Thin cows and first and second calvers got silage ad lib. He condition is monitored and if they are putting on too much condition they are moved in to the restricted pen.

Cows in shed

Figure 5: Suckler cows in shed


A good mineral is a god send according to John. With a good mineral a cow will calve down, give you a lively calf, clean, not get milk fever and go back in calf, so it is worth investing in a good one, remembering that, every extra €200 per tonne of mineral will only cost an extra €1.20 per cow for a 60-day period.

Calving starts in Mid-February, so from New Year on John feeds a high spec mineral. It’s a mineral powder as this is the best form to get the major elements like Magnesium, phosphorous and sodium in to the animal. With licks you will have random intake and the boluses only cater for the traces elements.

For john the big figures are

  • Magnesium - at least 17%, as he is in a high potassium area, it would like this to be closer to 25% so when feeding each cow 100grams of powder per day, he would be feeding 25grams of magnesium
  • Phosphorous – 4%
  • Sodium - >13%
  • Copper – at least 2,700mg/kg – and because John has spread a lot of lime, which in high molybdenum areas can lock up copper ideally 1/3 of that should be protected. In this mineral we see 3,000mg/kg and 500 is protected, so it not far off. In the initial four weeks if you feed at 120 grams per day per cow, you will easily reach your target.

This link will lead you to an excellent reference sheet, so you can check your own mineral.

Pre calving mineral

Figure 6: Pre calving mineral

Vaccinations- as said above, the cows get a rota, corona and E.coli vaccine about 4 weeks pre calving, it has to be given between 3 and 12 week pre- calving, this allows for the antibodies to be highest in the colostrum. Before 12 weeks or after 3 weeks you are reducing its efficacy and at ~ €12 per shot, it’s an expensive vaccine to waste. Once the calf gets a good suck, protection against rotavirus will persist for at least 7 days and against coronavirus for at least 14 days.

The cows also get an IBR live vaccine into the muscle, approx. 4 weeks pre calving, this is to reduce the spread in the shed and to give the calves passive immunity for 12 weeks.

There is no liver fluke on the farm, so the cows are not dosed.


The cows are monitored and when their due date approached they are moved to the calving pens. The pens are power housed, disinfected, limed and well bedded. Straw is scarce, so getting to grass and staying minimal time in the shed will reduce the demand on straw and that’s Johns aim.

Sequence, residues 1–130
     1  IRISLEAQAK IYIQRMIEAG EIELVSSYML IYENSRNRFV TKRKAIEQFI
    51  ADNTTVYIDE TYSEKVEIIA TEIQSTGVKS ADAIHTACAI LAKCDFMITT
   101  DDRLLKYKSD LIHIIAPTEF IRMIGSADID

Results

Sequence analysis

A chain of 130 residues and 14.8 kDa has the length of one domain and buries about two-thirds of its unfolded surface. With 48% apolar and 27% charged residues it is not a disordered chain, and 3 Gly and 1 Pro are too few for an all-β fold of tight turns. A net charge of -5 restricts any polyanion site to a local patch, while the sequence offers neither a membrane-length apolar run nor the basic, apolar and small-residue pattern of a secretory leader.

There is a washroom in the yard, with a sink and hot water to ensure everything is clean and disinfected after use

Once born the calves navels are dipped with Iodine solution, it is vitally important to give the naval a good dip and to ensure you get the end of the navel and not just the stomach. Paper cups can be ideal for this, you dip all the navel in, and pour the rest on the stomach. You then dispose of the cup and this reduces germ build up on the iodine/ Chlorhexidine bottle.  

Naval dipping photos

Figure 7: Naval dipping is very important for newborn calves


This is KEY to John, “get the beastings into the calf as soon as possible”. Ideally john gets the calf up within a half hour of calving and they get their first suck, they could potentially have another suck within the two hour window.

All calves are born with no antibodies and are dependent on immunoglobulins in colostrum. When born, the stomach wall is porous and allows the immunoglobulins pass though

After two hours, the porosity of the stomach wall lining is dramatically reduced, also the quality of colostrum starts to fall after birth, so you really are in a race against time

Remember if antibodies can move through the wall of the intestine so can bacteria.

Importance of colostrum

Figure 8: Antibody absorption of colostrum after birth